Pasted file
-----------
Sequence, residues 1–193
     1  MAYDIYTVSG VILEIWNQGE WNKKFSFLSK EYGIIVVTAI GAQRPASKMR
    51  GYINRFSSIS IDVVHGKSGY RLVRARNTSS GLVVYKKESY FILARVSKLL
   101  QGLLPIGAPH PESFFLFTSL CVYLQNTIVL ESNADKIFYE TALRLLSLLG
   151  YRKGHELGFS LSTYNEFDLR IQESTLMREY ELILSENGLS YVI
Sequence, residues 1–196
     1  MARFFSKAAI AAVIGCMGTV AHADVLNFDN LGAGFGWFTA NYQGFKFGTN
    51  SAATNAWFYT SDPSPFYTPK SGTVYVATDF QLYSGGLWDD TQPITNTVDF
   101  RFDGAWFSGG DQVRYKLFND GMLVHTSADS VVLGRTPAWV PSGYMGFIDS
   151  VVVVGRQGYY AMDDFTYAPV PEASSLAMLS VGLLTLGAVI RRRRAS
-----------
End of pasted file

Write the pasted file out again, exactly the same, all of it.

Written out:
Sequence, residues 1–193
     1  MAYDIYTVSG VILEIWNQGE WNKKFSFLSK EYGIIVVTAI GAQRPASKMR
    51  GYINRFSSIS IDVVHGKSGY RLVRARNTSS GLVVYKKESY FILARVSKLL
   101  QGLLPIGAPH PESFFLFTSL CVYLQNTIVL ESNADKIFYE TALRLLSLLG
   151  YRKGHELGFS LSTYNEFDLR IQESTLMREY ELILSENGLS YVI
Sequence, residues 1–196
     1  MARFFSKAAI AAVIGCMGTV AHADVLNFDN LGAGFGWFTA NYQGFKFGTN
    51  SAATNAWFYT SDPSPFYTPK SGTVYVATDF QLYSGGLWDD TQPITNTVDF
   101  RFDGAWFSGG DQVRYKLFND GMLVHTSADS VVLGRTPAWV PSGYMGFIDS
   151  VVVVGRQGYY AMDDFTYAPV PEASSLAMLS VGLLTLGAVI RRRRAS